Transgender Day of Rememberance

Today is Transgender Day of Remembrance, observed in honour of people who have died as a result of their gender identity or perceived gender identity. Vigils and memorials are held all over the United States today, so since my own local LGBT student group isn’t holding its observance until next week, I’ll say that my sympathies are with anyone who has been persecuted or victimized on account of gender identity — not only today, but at any time.

I suppose I’ll use this day and this post to talk about the concept of “transgender”. (I think the idea of writing primarily longer posts is a good plan.)

So. As far as I know, the standard definition of “transgender” is that of someone whose emotional gender identity does not match their biological sex. (As they explained at the first meeting of the Gay-Straight Alliance in ninth grade, “sex” is the six inches between your legs and “gender” is the six inches between your ears.) “Transgender” does cover people who are “transsexual” — who have sought or are seeking to make their biological sex match their gender, such as through operation. However, the term also incorporates people who may not identify as one particular gender or sex, or who may identify as a “third” gender not associated with human anatomy. I’m sure I’ve left something out, but I do that. I suppose it’s something you’ll have to get used to.

Of course, it goes without saying that any transgender person should be treated with the same respect and understanding as someone who is not transgendered, and that to assault someone (whether physically or otherwise) for being or seeming transgendered is as reprehensible as assaulting someone because they are not white, because they are not wealthy, or because they are not straight. In fact, I find it more difficult to understand why someone else’s gender identity should be an excuse for violence than why someone would commit violence in the first place.

(You’ll see a theme in my posts where I tend to relate things to my own life. I don’t see it as narcissistic, necessarily, or self-absorbed. I am reflecting on this day from my own perspective because it deserves reflection.)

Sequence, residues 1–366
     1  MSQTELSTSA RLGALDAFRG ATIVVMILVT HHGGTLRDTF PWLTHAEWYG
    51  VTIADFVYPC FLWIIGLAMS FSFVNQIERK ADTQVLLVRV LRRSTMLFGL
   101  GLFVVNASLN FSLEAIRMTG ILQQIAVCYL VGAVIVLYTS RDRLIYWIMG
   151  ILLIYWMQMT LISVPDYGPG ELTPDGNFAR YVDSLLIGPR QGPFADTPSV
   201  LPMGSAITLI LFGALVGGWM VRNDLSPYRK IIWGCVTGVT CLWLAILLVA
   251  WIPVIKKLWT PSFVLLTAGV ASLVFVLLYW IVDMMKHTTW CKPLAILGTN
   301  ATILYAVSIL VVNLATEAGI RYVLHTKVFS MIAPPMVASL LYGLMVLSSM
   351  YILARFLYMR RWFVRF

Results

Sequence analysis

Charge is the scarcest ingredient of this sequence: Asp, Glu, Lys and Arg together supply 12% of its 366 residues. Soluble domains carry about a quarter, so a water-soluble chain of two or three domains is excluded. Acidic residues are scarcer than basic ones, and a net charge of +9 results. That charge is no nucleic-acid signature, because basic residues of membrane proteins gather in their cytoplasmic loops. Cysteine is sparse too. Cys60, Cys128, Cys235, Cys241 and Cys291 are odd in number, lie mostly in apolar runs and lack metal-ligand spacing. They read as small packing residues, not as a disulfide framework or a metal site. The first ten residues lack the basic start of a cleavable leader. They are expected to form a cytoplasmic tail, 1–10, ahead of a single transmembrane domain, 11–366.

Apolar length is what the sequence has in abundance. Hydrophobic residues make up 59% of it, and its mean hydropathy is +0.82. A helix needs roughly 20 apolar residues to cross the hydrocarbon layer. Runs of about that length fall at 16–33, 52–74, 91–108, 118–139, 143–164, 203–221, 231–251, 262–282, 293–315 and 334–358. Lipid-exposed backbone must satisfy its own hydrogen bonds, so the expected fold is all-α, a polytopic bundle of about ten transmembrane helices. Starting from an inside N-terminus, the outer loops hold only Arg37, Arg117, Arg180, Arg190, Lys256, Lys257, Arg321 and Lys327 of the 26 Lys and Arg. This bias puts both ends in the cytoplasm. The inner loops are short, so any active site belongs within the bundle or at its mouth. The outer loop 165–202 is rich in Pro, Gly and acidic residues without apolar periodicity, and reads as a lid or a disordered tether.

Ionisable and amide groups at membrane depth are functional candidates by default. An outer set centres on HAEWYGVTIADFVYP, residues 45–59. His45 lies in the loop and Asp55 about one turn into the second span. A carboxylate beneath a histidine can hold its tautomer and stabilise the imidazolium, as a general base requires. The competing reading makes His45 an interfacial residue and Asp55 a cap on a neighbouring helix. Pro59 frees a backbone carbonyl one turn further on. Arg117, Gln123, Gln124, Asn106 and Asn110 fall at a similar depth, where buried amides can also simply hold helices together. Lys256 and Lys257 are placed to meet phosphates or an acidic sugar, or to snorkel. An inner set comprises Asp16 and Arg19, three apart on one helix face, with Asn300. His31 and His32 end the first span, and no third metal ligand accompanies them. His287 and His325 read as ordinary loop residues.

When my LGBT group asked for volunteers to help organise Transgender Day of Remembrance (TDOR) events, I volunteered, perhaps somewhat unexpectedly. I’m usually highly inactive in the group, but TDOR seemed so much more worth it than a movie night or discussion or even every student LGBT group’s biggest event of the year, the Day of Silence (more on why I don’t observe the DoS some other time). See, the thing was this: I thought to myself, “I should take an interest in this. This could happen to me.”

I don’t call myself transgender, because I don’t feel like I’m other than female. While my outer “look” is an androgynous or even masculine one, I’ve only had the very occasional wish to pee standing up, or to just jack off without all this female masturbation repression nonsense. I’ve adopted the term “genderqueer”, as a way of explaining that I don’t conform to the “male = masculine”/”female = feminine” concept, and that I do sometimes like to pass as male (though it should be noted that I’ve never gone “all the way” with that — I’ve never, for example, entered a men’s washroom).

As invariably happens, I get “sir”ed reasonably frequently, and a few times I’ve been told I’m in the wrong washroom or locker room (though mostly I just get weird looks). I’ve never really had a problem with that, I just say I’m a chick and the other chicks look at me funny and then go their merry way. But what if that didn’t happen? What if, instead, I were challenged? What if I were forced to display my tits to be believed, what if I were dismissed as a freak of nature, what if short hair, no makeup, and the cargo pants and sweatshirt I’m wearing right now are an excuse for assault, for rape, for murder?

Maybe I’m just being paranoid. After all, you can generally see my female body under my clothes; my voice is an unmistakable alto. But maybe I’m not. And that’s hardly the point, anyway; the fact that I can envision the scenario with me as the victim just makes the problem of transgender persecution all the more real and all the more frightening. And hey, if it persuades me to take an active role in my LGBT group and work to stop violence, a little frightening is definitely a good thing.

I hope you’re scared.

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One Response to “Transgender Day of Rememberance”

  1. Horrah for genderqueers!
    Hopefully a new age of androgony will come and we shall all live in peace with our genders and the genders of others.
    Getting ‘sir’ed is something to be proud of. I never get called ‘miss’ no matter how hard i try. :)

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